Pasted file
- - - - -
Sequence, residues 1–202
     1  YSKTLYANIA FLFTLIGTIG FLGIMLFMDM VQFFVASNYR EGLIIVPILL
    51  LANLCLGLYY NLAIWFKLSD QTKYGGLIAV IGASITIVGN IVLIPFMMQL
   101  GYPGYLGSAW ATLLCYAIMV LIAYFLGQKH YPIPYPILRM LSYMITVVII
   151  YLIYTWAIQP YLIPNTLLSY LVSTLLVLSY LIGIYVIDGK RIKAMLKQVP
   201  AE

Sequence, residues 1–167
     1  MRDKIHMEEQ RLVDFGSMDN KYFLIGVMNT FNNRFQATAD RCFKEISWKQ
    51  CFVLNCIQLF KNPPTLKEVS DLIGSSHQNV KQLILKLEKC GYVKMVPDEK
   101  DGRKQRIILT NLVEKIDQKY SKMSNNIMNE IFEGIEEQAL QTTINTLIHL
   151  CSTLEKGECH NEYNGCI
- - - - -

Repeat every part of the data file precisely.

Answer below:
Sequence, residues 1–202
     1  YSKTLYANIA FLFTLIGTIG FLGIMLFMDM VQFFVASNYR EGLIIVPILL
    51  LANLCLGLYY NLAIWFKLSD QTKYGGLIAV IGASITIVGN IVLIPFMMQL
   101  GYPGYLGSAW ATLLCYAIMV LIAYFLGQKH YPIPYPILRM LSYMITVVII
   151  YLIYTWAIQP YLIPNTLLSY LVSTLLVLSY LIGIYVIDGK RIKAMLKQVP
   201  AE

Sequence, residues 1–167
     1  MRDKIHMEEQ RLVDFGSMDN KYFLIGVMNT FNNRFQATAD RCFKEISWKQ
    51  CFVLNCIQLF KNPPTLKEVS DLIGSSHQNV KQLILKLEKC GYVKMVPDEK
   101  DGRKQRIILT NLVEKIDQKY SKMSNNIMNE IFEGIEEQAL QTTINTLIHL
   151  CSTLEKGECH NEYNGCI